Olympia Aftermath: Who Really Should Be Mr. Olympia Today?
What a testament to fate it is that we’re not calling Nick Walker “Mr O” today. He would be, you know? Hands down, at least that’s what I think.
Based on this year’s lineup that took the stage this past weekend in Orlando, “the Mutant,” who is never out of shape—ever—would be admiring a nice sculpture of Eugene Sandow on his mantle today.
Instead, as fate would have it, we are squabbling over back shots and front shots and side shots and who had the better of each. This somehow results in a calculation that put Derek Lunsford over the top.
In reality, Nick would possibly have destroyed the top three—Lunsford, Hadi Choopan, and Samson Dauda—on all sides, except for maybe Lunsford’s back double, which I’ll admit is pretty unbeatable (especially if he’d turn his head!). Lunsford will own that pose into the foreseeable future.
However, if it not for fate jumping in—in this case a devastating hamstring tear—Nick would be Mr. O today. There’s simply no other side to that, at least from my point of view.
First, enough can’t possibly be said about the wow factor of this year’s offerings. Although I do submit work to the parent company, that in no way biases my opinion of what an amazing spectacle it was from watching on PPV, I can only imagine how remarkable it must have been to be among the world’s best bodybuilders being showcased with such an amazing production. Not to mention how incredible it must be for Derek Lunsford to have made history as the first man ever to win both the 212 and open Olympias.
This is far cry from the original black backdrop and crappy lighting with which Arnold and his brethren had to contend when they competed decades ago. Finally, you could say emphatically, the production paid due homage to the athletes—you could even say overpaid! Even some of the commercials were slam dunk masterpieces. Never in the 20-plus Olympias I’ve covered have I ever seen such a dynamic portrayal of the powerful and artistic elements of bodybuilding. It was truly a beautiful thing. Again, from my perch on PPV. Overall, what I watched on a 60-inch screen was impactful. Seeing Shaq and Bautista made me stand up and watch. If I had to have paid for the show (yes, I was given the link) I’d feel it was money well spent.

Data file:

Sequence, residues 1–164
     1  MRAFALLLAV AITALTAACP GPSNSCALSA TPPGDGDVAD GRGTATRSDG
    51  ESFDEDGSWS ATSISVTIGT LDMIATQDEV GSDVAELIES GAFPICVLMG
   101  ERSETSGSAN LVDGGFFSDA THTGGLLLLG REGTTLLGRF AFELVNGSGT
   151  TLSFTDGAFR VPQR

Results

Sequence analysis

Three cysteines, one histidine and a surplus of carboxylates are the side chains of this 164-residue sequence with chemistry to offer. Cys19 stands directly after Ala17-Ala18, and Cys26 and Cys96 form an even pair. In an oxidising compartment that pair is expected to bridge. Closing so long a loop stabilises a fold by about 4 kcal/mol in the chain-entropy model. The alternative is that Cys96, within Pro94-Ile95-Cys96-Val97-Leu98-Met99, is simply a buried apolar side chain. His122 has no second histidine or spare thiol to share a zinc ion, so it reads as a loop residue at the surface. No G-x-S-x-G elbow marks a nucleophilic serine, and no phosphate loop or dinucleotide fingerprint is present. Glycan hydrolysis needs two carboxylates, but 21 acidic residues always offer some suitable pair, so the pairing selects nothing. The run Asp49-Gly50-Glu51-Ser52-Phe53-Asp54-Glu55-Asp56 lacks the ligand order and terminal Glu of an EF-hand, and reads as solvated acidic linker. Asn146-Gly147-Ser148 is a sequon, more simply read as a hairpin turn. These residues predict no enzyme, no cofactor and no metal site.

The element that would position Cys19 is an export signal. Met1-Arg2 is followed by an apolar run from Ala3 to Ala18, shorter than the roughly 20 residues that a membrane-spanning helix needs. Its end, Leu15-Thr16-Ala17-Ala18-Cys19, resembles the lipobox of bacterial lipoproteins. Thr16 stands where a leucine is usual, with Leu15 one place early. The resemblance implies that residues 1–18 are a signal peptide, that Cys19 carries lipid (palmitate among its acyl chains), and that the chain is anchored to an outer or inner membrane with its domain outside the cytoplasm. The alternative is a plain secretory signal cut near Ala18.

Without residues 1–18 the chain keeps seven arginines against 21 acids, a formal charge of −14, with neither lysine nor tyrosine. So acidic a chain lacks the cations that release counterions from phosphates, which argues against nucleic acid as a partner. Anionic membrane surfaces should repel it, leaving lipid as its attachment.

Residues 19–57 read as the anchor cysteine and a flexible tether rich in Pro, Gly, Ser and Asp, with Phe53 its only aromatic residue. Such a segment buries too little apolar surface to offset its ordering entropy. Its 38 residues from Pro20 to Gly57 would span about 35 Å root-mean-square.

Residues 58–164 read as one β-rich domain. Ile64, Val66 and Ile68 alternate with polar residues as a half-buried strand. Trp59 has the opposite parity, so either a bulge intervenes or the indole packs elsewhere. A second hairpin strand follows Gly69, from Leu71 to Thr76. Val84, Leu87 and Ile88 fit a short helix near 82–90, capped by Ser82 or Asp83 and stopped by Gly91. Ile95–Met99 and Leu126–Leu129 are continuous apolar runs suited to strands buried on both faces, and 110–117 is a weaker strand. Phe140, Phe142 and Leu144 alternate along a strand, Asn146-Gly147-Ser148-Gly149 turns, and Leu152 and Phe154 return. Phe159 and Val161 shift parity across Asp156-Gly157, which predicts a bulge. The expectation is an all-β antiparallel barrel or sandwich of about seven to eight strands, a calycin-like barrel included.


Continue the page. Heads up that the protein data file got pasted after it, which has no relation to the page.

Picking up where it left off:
I don’t feel obliged to convey my props for the show. Quite the contrary. Believe it or not, I have been known to say nothing. Which sometimes speaks louder than anything. What I do feel obliged to do however, is offer my critique, as seen through the eyes of both a fan, as well as a journalist, and not an obsequious flatterer.
Now, it’s really not fair to set out to be a voice of the Monday morning quarterback. But, I’ve gone over this contest back and forth with several noted pundits and the argument for the winner could be made simply as the guy with the most right, or the least wrong—but not both—won. So, the prevailing argument from this camp states a very matter of fact, quantifiable, analysis:
Front double: Tie
Most muscular: Hadi
Front lat spread: Hadi
Both side shots: Lunsford
Both back shots: Lunsford
That’s three Hadi, Four Lunsford. Lunsford wins. There really truly is no other way to slice it up. However, there is another side. He goes by the name of Samson.
Samson Dauda is, by far, the more “Mr Olympia looking” of the three, yet is not factored into any of the one- two models. Why is it only between Derek and Hadi? You want to argue condition? That seems to be the prevailing critique—“Samson’s conditioning was off.” Oh yeah? So was Hadi’s from the back and Lunsford’s form the front, and neither of them had striated triceps. So, there was no impeccable condition to be had by anyone up there really. Everyone was off. Every single one. So, the judging amounted to a very difficult shuffling of placings among those who had the least wrong with them.
If this is truly bodybuilding (as Ronnie Coleman would say) then why isn’t the biggest, tallest, most symmetrical, most massive guy similarly forgiven his condition, as with the other two, and reward him in favor of his mass and shape and stature?
The argument against that is? I’m listening…